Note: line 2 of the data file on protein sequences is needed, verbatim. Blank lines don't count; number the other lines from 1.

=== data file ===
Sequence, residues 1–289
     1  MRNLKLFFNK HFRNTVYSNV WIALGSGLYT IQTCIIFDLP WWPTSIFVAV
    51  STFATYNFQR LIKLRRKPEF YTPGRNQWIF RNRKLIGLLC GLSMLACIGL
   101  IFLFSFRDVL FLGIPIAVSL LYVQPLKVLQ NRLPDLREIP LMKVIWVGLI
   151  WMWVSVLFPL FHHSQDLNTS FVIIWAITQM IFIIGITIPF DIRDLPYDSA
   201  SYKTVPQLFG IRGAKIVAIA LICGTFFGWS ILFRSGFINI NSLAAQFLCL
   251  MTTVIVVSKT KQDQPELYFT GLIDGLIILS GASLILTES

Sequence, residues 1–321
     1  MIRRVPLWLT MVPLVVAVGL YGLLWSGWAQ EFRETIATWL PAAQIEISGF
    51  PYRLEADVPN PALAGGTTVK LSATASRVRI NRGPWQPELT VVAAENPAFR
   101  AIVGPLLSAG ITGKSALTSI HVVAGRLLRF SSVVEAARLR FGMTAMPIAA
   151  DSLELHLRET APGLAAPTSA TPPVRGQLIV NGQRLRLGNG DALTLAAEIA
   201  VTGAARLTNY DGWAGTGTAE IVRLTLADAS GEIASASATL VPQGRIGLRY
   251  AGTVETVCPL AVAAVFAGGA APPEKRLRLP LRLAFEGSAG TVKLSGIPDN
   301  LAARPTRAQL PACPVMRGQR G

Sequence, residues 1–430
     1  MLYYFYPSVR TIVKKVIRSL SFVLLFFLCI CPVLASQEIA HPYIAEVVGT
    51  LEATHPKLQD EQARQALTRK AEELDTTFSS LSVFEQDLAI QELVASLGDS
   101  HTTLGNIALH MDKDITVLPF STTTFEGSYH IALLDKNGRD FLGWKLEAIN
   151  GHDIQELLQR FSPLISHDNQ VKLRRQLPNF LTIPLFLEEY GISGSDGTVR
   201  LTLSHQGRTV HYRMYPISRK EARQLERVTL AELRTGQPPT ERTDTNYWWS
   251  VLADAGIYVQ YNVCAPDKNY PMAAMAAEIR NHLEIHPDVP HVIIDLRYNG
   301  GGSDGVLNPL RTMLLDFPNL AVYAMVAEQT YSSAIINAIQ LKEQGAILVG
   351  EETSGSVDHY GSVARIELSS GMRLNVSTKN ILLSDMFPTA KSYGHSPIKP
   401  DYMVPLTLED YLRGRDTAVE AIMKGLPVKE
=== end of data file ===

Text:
     1  MRNLKLFFNK HFRNTVYSNV WIALGSGLYT IQTCIIFDLP WWPTSIFVAV